3 weeks ago



Sally, Ann, and Danny

Sally, Ann, and Danny 115 The pregnancy itself was uneventful, although Joan experienced quite a bit of morning sickness. The triplets were born early by C-section amid much joy and celebration. All three weighed under four pounds. After the birth, the babies did well in the neonatal unit and were off the respirators in twenty-four hours. They were in the hospital for only nine weeks and then were sent home. There was quite a lot of fuss among the nursing staff, and everybody was amazed at how well the babies had done. When the family left the hospital, they were showered with presents and given a big send-off. Even the local community newspaper was there taking pictures. At home, the parents tried to cope with the demands of caring for triplets. Joan read everything she could about multiple births, searched the family tree for other twins born to relatives, and enlisted the help of her parents and friends at the earliest opportunity. They had regular appointments with the family doctor and the pediatrician and followed all directions meticulously. Joan and Dave became concerned with the children’s development at around eighteen months, when they noticed that their babbling was not progressing to speech. At their two-year appointment in the clinic the pediatrician wondered whether the triplets might have autism based on their social behavior and lack of interest in communicating. The parents were shocked and alarmed. The pediatrician asked whether I could see them as soon as possible. * * * The children wander around the room, picking up Lego pieces but not really playing with them. The boy sits quietly in his mother’s lap, asking for nothing. One girl falls down accidentally but does not cry or go to her mother. The children approach their parents infrequently, and when they do, there is little response to parental communication. At age twenty-four months, only one of the girls is showing any communicative intent by bringing a plastic container to her parents and asking for help in opening it to see what’s inside. The three children mill around us, largely oblivious to me and to their parents. Joan speaks their names, one by one, but they do not turn around to see who calls them. Danny bumps into me as if I were not there, Sally lines up some action figures and babbles to herself, Ann is fascinated with the light on my power bar. There is little in the way of social interaction among the children and little desire to communicate either with me or with the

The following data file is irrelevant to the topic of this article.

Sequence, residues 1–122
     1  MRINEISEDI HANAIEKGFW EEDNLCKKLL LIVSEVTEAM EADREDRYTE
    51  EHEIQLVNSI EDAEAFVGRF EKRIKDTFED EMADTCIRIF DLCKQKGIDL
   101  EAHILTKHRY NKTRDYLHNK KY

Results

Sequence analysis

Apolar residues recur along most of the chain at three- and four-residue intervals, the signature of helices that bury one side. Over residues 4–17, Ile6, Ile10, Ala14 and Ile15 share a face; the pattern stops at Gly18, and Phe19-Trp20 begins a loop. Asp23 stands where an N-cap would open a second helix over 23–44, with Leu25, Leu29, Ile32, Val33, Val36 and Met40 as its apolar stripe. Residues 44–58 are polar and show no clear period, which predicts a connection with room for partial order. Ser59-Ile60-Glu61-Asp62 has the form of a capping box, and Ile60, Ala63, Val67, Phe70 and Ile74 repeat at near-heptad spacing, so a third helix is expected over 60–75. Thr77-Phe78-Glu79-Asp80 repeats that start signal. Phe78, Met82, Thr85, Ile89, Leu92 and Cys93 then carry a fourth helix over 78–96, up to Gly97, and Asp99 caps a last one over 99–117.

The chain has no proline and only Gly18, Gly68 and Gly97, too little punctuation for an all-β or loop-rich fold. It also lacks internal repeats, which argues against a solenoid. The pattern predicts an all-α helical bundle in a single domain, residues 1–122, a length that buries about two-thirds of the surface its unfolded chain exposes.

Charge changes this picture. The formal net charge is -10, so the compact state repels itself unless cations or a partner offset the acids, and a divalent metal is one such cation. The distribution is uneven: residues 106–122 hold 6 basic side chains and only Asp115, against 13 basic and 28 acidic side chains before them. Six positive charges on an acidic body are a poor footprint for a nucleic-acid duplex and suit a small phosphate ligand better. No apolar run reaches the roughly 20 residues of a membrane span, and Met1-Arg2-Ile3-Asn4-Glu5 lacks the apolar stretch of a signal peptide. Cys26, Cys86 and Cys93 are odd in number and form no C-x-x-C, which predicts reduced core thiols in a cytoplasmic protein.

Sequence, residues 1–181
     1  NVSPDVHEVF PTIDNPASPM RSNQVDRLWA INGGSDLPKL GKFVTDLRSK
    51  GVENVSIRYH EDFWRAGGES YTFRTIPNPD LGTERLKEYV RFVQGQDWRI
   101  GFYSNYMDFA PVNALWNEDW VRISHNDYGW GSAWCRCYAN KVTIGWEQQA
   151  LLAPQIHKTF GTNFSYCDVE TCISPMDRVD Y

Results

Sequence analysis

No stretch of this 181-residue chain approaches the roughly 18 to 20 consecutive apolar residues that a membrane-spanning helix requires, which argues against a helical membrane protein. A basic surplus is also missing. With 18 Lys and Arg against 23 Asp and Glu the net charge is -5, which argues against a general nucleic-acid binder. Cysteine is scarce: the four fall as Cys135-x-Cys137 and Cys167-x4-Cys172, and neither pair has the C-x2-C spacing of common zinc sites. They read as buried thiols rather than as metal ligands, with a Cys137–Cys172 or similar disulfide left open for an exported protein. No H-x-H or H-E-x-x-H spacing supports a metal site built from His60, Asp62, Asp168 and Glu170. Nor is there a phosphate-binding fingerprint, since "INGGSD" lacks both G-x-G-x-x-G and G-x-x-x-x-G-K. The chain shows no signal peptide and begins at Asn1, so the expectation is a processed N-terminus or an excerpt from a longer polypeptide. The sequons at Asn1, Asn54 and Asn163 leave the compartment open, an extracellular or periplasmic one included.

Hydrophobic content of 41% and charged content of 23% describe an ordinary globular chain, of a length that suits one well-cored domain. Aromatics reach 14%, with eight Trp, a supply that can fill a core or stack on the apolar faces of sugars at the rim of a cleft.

116 A MIND APART parents or grandparents, who now include me in their anxious gaze. At home, the girls like to watch old Disney videos, Fantasia especially, and Barney. Danny loves to jump on the couch for hours on end. At the conclusion of the interview the parents and grandparents want to know only two things: Do the triplets have ASD, and what possibly could have caused this tragedy? How is it possible that three children born into the same family and at the same time all have ASD? I tell them it is perhaps too early to tell, but we should do some assessments of communication and cognition, get them into day care, and follow them closely. I will see them again in three and then six months. I tell myself that it’s likely they have autism, but I know that a diagnosis at twenty-four months of age can be difficult, especially in twins, who are often speech delayed, so I decide to wait a bit. In any case, they will receive useful interventions in day care, so there will be no real delay in receiving services. * * * Another couple, Ron and Carol, ask me to see their son, Robert, who is now ten years old. I saw him for the first time some six years ago for a diagnostic assessment, but the purpose of this current appointment is to discuss possible causes of his autism. They have two younger children, ages four and five, both of whom are doing very well, and there is no history of autism on either side of the family. Carol and Ron, who are both lawyers, have seen many physicians about their son’s autism. I vividly remember the history from the first time I saw the family. Apparently Robert developed very nicely until age eighteen months. He had about fifty words, was always smiling, responsive, and engaging. All this could be seen from the videotape of his first birthday that his parents kindly supplied me. It showed him happy, blowing out the candles, clapping his hands, and laughing at all the goings-on. But a few weeks after his vaccination needle at eighteen months, he became quite ill. One night he developed a high fever and had a prolonged convulsion that terrified his mother. He turned blue and started shaking as she held him tenderly in her arms. Carol described this night as if it were yesterday—the layout of the bedrooms in the house, the cries that awoke her in the middle of the night, the frantic scramble to find the phone and call an ambulance. She was convinced he was going to die. Robert was rushed to the hospital, but thankfully he did not have any more seizures. A few weeks after he came home from the hospital, how-

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